Craig puts a good case forward for taking leaders debates seriously. After all, not only do the debates ‘provide sites of dialogue and critique in a news culture increasingly focused on photo opportunities and sound-bites and in the context of election campaigns’ (p.51), but ‘commentary, debate and poll responses play a major role in framing the outcomes and meanings of encounters between political candidates. Leaders’ debates and interviews serve important functions in the narrative of election campaigns: they can highlight the policy terrain’ (pp.52-53). What’s more, there’s a lot that is wrong with contemporary leaders debates:
Leaders’ debates and political interviews can be criticised for their overly staged formats and predictable communicative strategies, their strongly combative interaction, and their emphasis on individual leadership and style over interrogation of policy and political ideas (p.51).
And overall, ‘Leaders’ debates and interviews contribute to the increasing ‘presidentialisation’ of election campaigns’ (p.52). Despite this, Craig says that ‘New Zealand has been well served by leaders’ debates throughout its recent political history, particularly on a comparative basis’ (p.53). He points out, for example, that the UK ‘does not have leaders’ debates, Australia in recent elections has held only one leaders’ debate at the beginning of the election campaign’ (p.53). Yet a decline might be apparent in terms of the quantity of debates in New Zealand: there were 7 in 2002, 5 in 2005, and only 4 in 2008.
Struggle over debate configurations
It is common for political parties to struggle over the important details of televised leaders debates. Things such as the appropriate number of debates, their timing and format can all play a crucial part in advantaging certain parties or candidates. One of the main features of the 2008 leaders debates was the fact that Labour and National conspired to block the minor political parties from participation in the debates with them. Clearly both parties were equally responsible for this major change, but who actually instigated and pushed the idea? Craig provides the answer:
TV3 news and current affairs director Mark Jennings claimed Helen Clark talked Key into the debate boycott (Gower 2008a) but the Prime Minister stated the agreement was made at chief-of-staff level and that she could not recall who initiated the decision, saying that it was ‘lost in the mists of time’ (Gower 2008b). It is understood, however, that it was National who first approached Labour about only engaging in debates between the two major parties (p.55).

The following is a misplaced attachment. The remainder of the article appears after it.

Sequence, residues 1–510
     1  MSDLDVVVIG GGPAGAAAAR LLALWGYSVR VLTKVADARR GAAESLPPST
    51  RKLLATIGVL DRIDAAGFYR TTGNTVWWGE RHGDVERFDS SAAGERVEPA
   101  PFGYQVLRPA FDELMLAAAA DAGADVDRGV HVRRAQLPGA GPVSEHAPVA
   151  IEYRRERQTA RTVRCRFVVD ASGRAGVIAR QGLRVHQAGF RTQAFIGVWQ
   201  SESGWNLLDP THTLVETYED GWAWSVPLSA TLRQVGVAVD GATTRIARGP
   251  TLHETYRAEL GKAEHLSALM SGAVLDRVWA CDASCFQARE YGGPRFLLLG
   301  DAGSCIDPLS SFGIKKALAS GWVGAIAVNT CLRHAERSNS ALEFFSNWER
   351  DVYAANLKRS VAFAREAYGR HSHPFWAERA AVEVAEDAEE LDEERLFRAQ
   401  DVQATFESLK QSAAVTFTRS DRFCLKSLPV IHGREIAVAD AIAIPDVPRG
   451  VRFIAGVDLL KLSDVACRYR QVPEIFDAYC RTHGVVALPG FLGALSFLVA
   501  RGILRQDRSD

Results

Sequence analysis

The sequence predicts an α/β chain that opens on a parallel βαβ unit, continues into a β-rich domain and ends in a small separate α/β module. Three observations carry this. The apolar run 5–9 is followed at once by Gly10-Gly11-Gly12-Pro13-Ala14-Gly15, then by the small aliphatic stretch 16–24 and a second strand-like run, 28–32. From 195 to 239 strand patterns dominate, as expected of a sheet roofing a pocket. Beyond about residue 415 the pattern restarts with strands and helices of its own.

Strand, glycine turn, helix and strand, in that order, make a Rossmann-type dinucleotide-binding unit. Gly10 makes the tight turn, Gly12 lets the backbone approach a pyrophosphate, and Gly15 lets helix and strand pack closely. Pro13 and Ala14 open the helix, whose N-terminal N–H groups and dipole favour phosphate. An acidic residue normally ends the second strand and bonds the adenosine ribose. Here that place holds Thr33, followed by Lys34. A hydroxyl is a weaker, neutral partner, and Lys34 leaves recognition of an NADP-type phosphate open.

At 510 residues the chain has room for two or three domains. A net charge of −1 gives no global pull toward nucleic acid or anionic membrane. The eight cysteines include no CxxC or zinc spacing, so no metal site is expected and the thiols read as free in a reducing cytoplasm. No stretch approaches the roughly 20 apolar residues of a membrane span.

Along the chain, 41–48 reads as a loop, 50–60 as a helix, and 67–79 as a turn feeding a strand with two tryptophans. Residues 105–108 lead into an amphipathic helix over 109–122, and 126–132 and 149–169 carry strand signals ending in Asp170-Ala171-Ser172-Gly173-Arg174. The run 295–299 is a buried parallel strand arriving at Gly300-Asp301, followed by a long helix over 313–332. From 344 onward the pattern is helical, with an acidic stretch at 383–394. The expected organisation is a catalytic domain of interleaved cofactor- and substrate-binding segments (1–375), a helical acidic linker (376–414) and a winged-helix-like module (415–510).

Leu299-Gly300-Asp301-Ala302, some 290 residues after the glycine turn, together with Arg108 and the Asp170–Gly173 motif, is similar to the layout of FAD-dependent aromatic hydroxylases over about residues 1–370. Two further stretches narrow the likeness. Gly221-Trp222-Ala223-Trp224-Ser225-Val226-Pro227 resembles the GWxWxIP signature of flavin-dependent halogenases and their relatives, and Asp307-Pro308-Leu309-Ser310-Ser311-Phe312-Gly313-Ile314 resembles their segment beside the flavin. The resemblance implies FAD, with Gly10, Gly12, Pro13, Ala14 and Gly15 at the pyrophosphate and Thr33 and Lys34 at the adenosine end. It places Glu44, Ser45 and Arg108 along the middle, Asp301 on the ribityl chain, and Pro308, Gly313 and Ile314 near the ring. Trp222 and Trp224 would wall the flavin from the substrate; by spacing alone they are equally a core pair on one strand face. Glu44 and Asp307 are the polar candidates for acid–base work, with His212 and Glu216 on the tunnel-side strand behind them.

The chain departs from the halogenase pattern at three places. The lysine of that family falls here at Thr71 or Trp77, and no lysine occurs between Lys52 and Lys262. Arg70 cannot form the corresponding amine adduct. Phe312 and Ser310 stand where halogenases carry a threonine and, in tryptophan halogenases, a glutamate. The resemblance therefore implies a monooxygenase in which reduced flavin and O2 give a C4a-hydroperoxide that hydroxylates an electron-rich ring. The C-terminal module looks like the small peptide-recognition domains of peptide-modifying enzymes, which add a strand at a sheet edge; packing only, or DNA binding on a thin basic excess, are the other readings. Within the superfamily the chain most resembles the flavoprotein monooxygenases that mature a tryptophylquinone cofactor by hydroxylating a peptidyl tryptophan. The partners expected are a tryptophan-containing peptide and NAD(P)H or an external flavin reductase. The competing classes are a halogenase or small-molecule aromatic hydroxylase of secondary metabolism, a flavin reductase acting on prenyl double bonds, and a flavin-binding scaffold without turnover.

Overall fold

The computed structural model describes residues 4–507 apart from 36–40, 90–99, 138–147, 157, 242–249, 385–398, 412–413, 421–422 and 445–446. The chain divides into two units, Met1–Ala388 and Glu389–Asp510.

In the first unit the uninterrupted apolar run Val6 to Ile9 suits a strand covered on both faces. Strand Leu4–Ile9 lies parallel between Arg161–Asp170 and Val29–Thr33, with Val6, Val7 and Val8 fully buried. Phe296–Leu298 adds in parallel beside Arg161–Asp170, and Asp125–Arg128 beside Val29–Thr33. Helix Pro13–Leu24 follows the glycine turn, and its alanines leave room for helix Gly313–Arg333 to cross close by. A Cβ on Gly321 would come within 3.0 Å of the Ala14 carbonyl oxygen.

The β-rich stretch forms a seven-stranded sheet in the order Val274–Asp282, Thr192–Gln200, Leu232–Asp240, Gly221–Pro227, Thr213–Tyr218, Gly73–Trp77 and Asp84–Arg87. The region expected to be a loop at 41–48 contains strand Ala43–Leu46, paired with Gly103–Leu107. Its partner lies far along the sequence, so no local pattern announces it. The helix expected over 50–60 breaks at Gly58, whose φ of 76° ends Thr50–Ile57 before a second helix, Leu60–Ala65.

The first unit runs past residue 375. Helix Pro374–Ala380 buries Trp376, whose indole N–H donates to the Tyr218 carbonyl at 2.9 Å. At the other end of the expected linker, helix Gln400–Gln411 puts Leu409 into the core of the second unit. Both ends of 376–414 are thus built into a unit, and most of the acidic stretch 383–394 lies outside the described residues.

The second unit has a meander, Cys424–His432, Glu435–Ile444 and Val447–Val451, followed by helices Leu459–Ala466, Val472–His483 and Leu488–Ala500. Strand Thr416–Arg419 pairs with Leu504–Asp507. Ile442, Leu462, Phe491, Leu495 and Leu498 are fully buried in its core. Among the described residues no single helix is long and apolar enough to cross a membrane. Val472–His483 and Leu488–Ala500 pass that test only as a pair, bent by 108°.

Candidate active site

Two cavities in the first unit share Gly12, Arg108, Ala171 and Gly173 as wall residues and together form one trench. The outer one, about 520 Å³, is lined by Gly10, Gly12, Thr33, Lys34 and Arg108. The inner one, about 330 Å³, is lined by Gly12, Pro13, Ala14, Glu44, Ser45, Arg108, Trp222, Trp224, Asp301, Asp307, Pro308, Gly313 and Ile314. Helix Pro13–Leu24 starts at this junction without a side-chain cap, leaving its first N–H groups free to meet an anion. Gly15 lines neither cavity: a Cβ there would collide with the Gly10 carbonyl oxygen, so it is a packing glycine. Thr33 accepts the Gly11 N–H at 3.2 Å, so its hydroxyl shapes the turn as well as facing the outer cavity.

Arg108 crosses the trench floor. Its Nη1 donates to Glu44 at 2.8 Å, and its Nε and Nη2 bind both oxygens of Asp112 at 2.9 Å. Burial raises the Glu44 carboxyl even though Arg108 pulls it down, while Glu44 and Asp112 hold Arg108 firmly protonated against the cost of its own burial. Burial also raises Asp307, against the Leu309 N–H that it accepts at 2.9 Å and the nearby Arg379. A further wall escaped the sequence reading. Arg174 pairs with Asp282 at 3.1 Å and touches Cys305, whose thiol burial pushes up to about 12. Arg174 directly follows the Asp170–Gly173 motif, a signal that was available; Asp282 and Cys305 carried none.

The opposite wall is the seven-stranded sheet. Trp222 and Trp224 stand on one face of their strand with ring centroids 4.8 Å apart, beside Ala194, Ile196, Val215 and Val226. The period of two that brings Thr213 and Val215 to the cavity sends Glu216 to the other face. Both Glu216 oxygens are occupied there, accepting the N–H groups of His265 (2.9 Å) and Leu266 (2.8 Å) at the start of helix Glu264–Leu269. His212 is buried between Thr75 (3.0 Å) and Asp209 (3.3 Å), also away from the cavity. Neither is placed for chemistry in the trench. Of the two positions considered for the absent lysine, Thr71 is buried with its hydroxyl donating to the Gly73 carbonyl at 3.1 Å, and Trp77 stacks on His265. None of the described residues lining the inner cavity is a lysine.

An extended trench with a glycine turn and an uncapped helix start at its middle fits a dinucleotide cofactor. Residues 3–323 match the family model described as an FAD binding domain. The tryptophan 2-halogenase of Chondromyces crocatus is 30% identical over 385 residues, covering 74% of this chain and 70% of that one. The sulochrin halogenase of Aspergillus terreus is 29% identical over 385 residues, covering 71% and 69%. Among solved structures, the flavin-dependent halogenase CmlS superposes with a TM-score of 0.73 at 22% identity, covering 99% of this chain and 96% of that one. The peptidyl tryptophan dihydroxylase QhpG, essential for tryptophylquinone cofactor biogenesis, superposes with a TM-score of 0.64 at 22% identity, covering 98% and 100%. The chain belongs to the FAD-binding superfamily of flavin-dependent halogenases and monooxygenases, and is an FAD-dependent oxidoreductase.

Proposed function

So, was Labour wise to go along with National’s proposal? Possible not. Craig outlines how ‘The most significant political effect of the televised leaders’ debates of the 2008 New Zealand election campaign was that they provided Opposition leader John Key a platform to demonstrate his status as a viable alternative Prime Ministerial candidate’ (p.53). Furthermore, Key did well ‘to challenge aggressively and interrupt Clark in a bid to counteract the Labour leader’s persistence in debate exchanges. Key’s strategy was in marked contrast to Don Brash’s performance in the 2005 election debates’ (p.59). Craig also observes that this ‘strategy was politically effective because the aggressiveness of his interventions was often softened by his use of ‘humour.’ (p.60).
But did it all actually matter that much? Craig concludes by saying that campaigns have a reinforcing role rather than a transforming role on public opinion:
The 2008 New Zealand election campaign, as well as the 2007 Australian federal election, seemed to underscore the limited effects of campaigning on the ultimate electoral outcome. In both elections, campaigns did not substantially alter public opinion that long-serving governments would be discarded for opposition parties fronted by comparatively inexperienced leaders (p.71).
Geoffrey Craig is a senior lecturer in the Department of Politics at the University of Otago. He is the author of The Media, Politics and Public Life and the co-author of Slow Living. Dr Craig has published on topics such as news media interviews, leaders’ debates, environmental communication and lifestyle politics.
Informing Voters? Politics, Media and the New Zealand Election 2008, edited by Chris Rudd, Janine Hayward and Geoff Craig
Published by Pearson Education, 2009.
More information here.
Table Of Contents
1. Introduction: Mediated Politics - Geoffrey Craig, Janine Hayward, Chris Rudd
2. Party Strategy and the 2008 Election - Bryce Edwards
3. The Election Campaign on Television News - Margie Comrie
4. Leaders’ Debates and News Media Interviews - Geoffrey Craig
5. ‘Vote for me’: Political Advertising - Claire Robinson
6. Newspaper Coverage - Chris Rudd and Janine Hayward
7. The Maori Party and Newspaper Coverage - Ann Sullivan
8. Online Media - Peter John Chen
9. Conclusion: Don’t shoot the messenger? - Geoffrey Craig, Janine Hayward and Chris Rudd